Analysis: Don’t judge the new police commissioner by his cover

It’s inevitable that there will be some who resent the new commissioner.

By
September 29, 2015 00:48
2 minute read.
Roni Alsheich

Roni Alsheich. (photo credit: Courtesy)

 
X

Dear Reader,
As you can imagine, more people are reading The Jerusalem Post than ever before. Nevertheless, traditional business models are no longer sustainable and high-quality publications, like ours, are being forced to look for new ways to keep going. Unlike many other news organizations, we have not put up a paywall. We want to keep our journalism open and accessible and be able to keep providing you with news and analyses from the frontlines of Israel, the Middle East and the Jewish World.

As one of our loyal readers, we ask you to be our partner.

For $5 a month you will receive access to the following:

  • A user experience almost completely free of ads
  • Access to our Premium Section
  • Content from the award-winning Jerusalem Report and our monthly magazine to learn Hebrew - Ivrit
  • A brand new ePaper featuring the daily newspaper as it appears in print in Israel

Help us grow and continue telling Israel’s story to the world.

Thank you,

Ronit Hasin-Hochman, CEO, Jerusalem Post Group
Yaakov Katz, Editor-in-Chief

UPGRADE YOUR JPOST EXPERIENCE FOR 5$ PER MONTH Show me later Don't show it again

Looks can be deceiving, and that’s rarely been more apparent than this weekend, when the mask was pulled from “R.,” deputy Shin Bet head Roni Alsheikh, revealing the man the pixels, to the glee of countless Israelis on Facebook, WhatsApp and beyond.

Bearing a strong resemblance to the US actor Kevin James in Paul Bart: Mall Cop, the spymaster does not look the part of a clandestine warrior, but maybe we’ve all seen too many movies. According to associates and former Shin Bet officials, Alsheikh is one of the agency’s most talented and impressive officers, a skilled manipulator and interrogator, an agent and commander who excels at field work and has left his mark on plenty of top secret operations.

Be the first to know - Join our Facebook page.


Considered a favorite to take over the Shin Bet after director Yarom Cohen steps down next year, he now faces what is arguably the greatest challenge of his career – righting the Israel Police, a giant organization that has been riddled with scandal in recent years and is at the center of some of the country’s most sensitive battles – including the situation on the Temple Mount.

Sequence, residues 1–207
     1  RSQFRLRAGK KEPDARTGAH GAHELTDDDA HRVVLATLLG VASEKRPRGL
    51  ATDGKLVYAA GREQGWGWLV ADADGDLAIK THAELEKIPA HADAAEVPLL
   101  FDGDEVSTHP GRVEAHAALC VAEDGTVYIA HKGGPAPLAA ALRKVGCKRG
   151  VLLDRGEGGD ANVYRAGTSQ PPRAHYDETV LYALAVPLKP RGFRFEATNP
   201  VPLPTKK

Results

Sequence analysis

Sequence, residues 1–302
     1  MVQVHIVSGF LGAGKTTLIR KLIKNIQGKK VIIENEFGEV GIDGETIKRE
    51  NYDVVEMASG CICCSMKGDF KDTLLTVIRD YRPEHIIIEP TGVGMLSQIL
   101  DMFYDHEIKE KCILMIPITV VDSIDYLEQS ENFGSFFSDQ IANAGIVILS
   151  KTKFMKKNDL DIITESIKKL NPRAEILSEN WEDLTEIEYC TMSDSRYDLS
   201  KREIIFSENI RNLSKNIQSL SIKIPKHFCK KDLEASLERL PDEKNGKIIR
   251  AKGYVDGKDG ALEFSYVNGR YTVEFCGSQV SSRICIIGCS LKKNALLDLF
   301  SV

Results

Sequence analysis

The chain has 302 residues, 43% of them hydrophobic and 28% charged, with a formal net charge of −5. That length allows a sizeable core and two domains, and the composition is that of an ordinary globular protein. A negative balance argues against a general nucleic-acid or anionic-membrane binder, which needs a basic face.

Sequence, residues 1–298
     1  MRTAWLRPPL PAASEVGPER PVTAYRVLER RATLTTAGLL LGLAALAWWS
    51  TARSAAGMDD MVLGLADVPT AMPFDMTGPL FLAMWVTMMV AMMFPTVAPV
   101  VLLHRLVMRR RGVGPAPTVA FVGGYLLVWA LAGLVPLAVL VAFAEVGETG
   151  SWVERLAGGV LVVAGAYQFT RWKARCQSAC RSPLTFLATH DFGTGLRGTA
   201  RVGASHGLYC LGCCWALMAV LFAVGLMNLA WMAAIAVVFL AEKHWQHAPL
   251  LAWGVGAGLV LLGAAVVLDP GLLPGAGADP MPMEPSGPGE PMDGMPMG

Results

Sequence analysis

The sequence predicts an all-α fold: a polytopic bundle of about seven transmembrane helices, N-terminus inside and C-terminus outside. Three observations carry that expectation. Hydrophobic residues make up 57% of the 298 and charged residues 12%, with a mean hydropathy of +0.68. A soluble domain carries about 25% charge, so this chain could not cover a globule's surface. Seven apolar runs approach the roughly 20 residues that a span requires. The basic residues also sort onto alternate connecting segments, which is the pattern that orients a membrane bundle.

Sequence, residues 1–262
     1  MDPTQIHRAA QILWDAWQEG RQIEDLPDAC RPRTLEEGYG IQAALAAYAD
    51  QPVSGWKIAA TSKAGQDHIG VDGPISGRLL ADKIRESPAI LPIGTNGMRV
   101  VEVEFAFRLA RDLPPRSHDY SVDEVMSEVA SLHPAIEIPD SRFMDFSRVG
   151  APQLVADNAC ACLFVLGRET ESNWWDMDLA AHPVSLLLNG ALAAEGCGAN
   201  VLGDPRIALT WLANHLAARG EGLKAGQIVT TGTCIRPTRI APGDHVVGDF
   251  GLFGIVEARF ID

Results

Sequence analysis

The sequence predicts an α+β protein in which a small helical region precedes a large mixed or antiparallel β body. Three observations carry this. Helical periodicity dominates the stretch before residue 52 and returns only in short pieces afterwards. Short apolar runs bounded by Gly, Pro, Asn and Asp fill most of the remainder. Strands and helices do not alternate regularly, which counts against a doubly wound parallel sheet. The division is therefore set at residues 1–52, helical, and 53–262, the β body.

Alsheikh will leave the culture of the Shin Bet for a radically different one in the police. Lacking the prestige and public admiration of Israel’s internal intelligence agency, the Israel Police lacks the same expectation of excellence, from both the public and itself. It’s also far larger than the Shin Bet, with around 30,000 officers and tens of thousands of volunteer police. Righting such a large, important organization is more like turning around an aircraft carrier than a small, dynamic espionage agency like the Shin Bet.

Alsheikh will have several advantages entering the post.

He will have the credibility afforded a top Shin Bet commander and with no background in the police, he will owe nothing to subordinates in the force whom he never served with. He’s not part of their boys club, even though the Shin Bet, as an investigatory agency, does resemble the police in some ways and cooperates with the force on a daily basis.

It’s inevitable that there will be some who resent the new commissioner. The Shin Bet is second on the prestige ladder of Israel’s security agencies, below the Mossad.



If the IDF is put in a separate category, the police is a distant third and not afforded the prestige or public approval afforded the spy agencies – which much of the public seems to think are largely without incompetent employees, failure and mistaken decisions.

Furthermore, he won’t have many of the same tools at his disposal as he does with the Shin Bet. He will have to operate with greater transparency, without the network of Palestinian informants and ultra-sophisticated technology at the agency’s disposal in the largely lawless West Bank.

Regardless, Alsheikh is a very strong candidate and will bring powerful credentials with him when he enters the commissioner’s office in Jerusalem.

He’ll find there are no quick fixes for an agency as large and scandal ridden as the police, but he knows that already. With the backing of the public and the knowledge that the police needs a serious shaking up on almost every level of the organization, he has a chance of moving the force in the right direction.

Related Content

 Philippine President Rodrigo Duterte wears a bulletproof vest and a helmet as he gives a pep talk t
August 22, 2018
Jerusalem embassy move will be raised when Philippine’s Duterte visits

By HERB KEINON